The Futility of Goals.

I’ve been thinking about goals for a long time. What are they, how to set them, and are they useful?

Is it better to have goals or to focus purely on habits and processes? For instance, don’t aim to get an A on your school test, but just focus on ensuring you get the right amount and quality of study time. The grade will then take care of itself.

This type of thinking appeals to me. It aligns with my Stoic ideal of focusing on what we can control. We can never be sure to reach our goals, but we can control our effort and habits.

I have also found that when I reach a goal that I have set for myself, the feeling of joy or happiness from achieving that goal is transient.

In my 30s, I have less reaction to winning a $150,000 project than I had when I was 21 and winning a project for $1,000. Perhaps this is an inventible part of getting older. We have had more time to run on the hedonic treadmill. Because we have had more experiences, it takes a genuinely novel achievement to get that dopamine rush that we will seek.

I feel that there is a connection here to the inherent paradox of Buddhism, where the goal is to extinguish desire, which is the cause of all suffering. But if that is a goal, do we not now have the desire to extinguish desire? And what happens if we achieve that? Do we sit around gloating all day long?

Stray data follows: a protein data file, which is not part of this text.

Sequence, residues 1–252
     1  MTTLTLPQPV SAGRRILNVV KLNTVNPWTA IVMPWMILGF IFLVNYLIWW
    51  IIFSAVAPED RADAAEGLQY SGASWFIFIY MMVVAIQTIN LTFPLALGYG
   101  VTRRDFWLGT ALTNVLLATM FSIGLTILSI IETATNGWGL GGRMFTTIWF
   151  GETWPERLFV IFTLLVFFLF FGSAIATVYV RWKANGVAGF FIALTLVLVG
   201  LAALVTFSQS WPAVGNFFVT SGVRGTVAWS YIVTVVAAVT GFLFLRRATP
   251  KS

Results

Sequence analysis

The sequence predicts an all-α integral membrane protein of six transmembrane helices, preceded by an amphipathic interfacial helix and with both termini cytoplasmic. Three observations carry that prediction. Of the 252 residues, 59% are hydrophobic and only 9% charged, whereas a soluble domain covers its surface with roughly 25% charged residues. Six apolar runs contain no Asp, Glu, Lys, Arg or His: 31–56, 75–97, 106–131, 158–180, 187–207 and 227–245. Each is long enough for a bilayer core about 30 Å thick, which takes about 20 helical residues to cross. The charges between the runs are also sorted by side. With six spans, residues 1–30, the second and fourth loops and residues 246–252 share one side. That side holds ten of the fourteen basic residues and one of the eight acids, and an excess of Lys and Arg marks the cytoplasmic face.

I do think goals are worthwhile to some degree. Just floating aimlessly in life is not good. You will never know who you could have been if you had truly applied yourself. But, goals can also be stressful, and it is easy to over-optimize for a specific goal to the detriment of life as a whole. Like a lawyer who is at the top of their firm with regard to billable hours but is heading straight towards divorce because he spends no time with his family.

My approach to goals has changed over the years, from being an absolute goal-setter, to having a deeper understanding of the interrelation between goals and habits.

So while I still set goals for myself, the main thing is not to use goal setting as a method to hit specific goals at a specific time. It is more to use it to work backwards, from achieving the goals to the habits I need to develop today.

So I might think to myself, I want to get a degree in Criminal Law in the next five years. Apart from the obvious step of signing up for a university and starting my studies, what do I need to do? Focussing on learning to learn, on being able to absorb significant amounts of information, and carving out some time each weekend to read and study. I can then get more granular than hone in on the specific habits.

So to absorb significant amounts of information, I decided to learn to quickly make flashcards from textbooks and articles so that I can quickly test myself in the future and ensure that I retain and fully absorb essential information.

So goals are really just a method to understand what habits to develop right now. And because meaningful goals can take years to achieve, it may not even matter if we achieve our original goals! By getting close to achieving our goals, we may find that our understanding of a “meaningful goal” has changed.

In trying to achieve a goal, we change.

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